Reboot, reboot, reboot. Keep telling myself that. And yeah, I am hoping something new shakes loose from this. One major thing keeps popping up that I'll talk about in depth later, so I think this is perhaps the right call.

Way I see it? I don't have any other choice. The woman in the article who said that living in this situation feels like jail time wasn't far off at ALL. Anyone in situations like these, and not just with children who have moderate to severe aggression, but a ton of other situations can be applied here with a lot of other disability scenarios and beyond...bottom line is that ANY situation where you feel trapped, isolated, alone...it feels like you are in a prison and you can't get out.


And I want out. I want my family out. If not all the way out, then at least as far as we can achieve within our limitations. And if I have to crawl through a river of shit to get there, I'm going to do what I can to do it, starting with a slog through the World Wide Web and see what's out there now as opposed to oh...a year and a few months ago or so. The theory being that between the last time I did a heavy round of Internet searching for answers and this time I will be doing a heavy round of Internet searching for answers, maybe I'll find something or someone with a slightly different angle than I found before. You never know.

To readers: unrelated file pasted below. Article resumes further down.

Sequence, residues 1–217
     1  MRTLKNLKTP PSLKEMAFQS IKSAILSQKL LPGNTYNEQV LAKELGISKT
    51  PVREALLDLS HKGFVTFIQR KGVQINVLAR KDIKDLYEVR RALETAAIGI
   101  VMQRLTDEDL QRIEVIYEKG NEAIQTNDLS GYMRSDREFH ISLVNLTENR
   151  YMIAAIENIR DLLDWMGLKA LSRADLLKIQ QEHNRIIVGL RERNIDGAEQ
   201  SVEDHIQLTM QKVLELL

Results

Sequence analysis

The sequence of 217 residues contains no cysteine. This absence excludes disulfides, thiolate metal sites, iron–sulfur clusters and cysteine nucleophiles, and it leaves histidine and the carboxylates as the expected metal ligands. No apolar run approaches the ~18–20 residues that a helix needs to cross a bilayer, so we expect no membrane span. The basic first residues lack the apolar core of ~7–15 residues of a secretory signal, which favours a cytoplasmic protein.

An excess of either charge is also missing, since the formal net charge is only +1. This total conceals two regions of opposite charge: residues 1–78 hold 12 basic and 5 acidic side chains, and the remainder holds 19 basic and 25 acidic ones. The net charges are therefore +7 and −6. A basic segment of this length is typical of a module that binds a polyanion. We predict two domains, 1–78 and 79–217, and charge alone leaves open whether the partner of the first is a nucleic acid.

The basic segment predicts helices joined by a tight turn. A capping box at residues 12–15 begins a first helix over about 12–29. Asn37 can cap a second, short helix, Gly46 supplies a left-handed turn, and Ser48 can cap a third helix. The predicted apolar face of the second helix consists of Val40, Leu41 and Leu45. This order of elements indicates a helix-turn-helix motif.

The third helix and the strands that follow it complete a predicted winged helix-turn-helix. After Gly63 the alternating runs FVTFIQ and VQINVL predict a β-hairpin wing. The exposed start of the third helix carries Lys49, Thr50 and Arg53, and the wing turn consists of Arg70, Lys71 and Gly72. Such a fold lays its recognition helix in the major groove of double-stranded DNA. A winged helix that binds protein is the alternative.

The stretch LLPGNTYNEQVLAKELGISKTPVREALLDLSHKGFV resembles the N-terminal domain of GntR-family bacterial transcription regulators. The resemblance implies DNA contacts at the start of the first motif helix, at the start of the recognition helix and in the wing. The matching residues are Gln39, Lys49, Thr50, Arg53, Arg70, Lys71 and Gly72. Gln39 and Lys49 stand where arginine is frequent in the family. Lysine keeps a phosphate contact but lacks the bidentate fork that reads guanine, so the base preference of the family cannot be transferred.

It may not be possible, but I certainly won't know if I don't look. Even if it yields nothing new or eye-opening, what's the alternative, really? The alternative is to wait around until someone trades me for a pack of cigarettes.

And I quit smoking.

OUT.



*(Well, now I remember...I looked it up, and that link is courtesy of my diligent research. You're welcome. The sad thing is...I re-read that post myself...and to think that I had come SO close to having a solid foundation of Faith again and to see where I am today? That's tragic to me. BUT...I was also HEAVY into giving iPads away then too, and there has to be a correlation to that, what I wrote about my Mom a few days ago...that's another post entirely Gotta let that stew in the pot a little.)